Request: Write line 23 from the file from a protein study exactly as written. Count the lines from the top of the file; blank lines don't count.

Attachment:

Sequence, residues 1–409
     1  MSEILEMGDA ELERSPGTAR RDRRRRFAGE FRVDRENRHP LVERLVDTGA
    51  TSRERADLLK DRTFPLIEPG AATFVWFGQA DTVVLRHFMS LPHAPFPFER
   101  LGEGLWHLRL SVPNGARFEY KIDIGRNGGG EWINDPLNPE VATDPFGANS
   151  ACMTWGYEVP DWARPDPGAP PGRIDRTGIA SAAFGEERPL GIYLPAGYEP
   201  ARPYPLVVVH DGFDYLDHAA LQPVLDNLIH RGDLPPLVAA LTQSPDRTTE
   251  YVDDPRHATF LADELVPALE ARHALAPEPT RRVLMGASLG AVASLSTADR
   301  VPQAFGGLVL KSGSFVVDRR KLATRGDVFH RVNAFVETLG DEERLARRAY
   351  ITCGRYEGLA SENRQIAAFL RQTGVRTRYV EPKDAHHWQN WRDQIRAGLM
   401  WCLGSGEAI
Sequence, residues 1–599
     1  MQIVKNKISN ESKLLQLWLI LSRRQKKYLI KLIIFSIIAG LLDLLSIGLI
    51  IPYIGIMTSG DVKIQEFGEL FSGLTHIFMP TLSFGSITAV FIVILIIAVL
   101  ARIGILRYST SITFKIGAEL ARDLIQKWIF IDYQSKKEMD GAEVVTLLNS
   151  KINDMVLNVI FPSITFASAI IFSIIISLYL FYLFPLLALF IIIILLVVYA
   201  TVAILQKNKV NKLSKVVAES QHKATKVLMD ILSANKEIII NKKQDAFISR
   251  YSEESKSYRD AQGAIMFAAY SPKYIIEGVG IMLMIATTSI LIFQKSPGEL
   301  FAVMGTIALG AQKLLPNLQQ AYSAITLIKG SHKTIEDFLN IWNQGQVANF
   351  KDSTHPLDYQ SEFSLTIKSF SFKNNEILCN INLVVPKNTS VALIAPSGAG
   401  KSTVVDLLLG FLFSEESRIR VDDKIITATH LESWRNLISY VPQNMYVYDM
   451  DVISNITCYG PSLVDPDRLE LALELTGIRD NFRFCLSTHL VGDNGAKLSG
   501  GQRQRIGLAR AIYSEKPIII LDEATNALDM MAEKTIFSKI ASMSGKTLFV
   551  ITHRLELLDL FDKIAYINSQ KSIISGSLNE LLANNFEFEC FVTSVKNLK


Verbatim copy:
   551  ITHRLELLDL FDKIAYINSQ KSIISGSLNE LLANNFEFEC FVTSVKNLK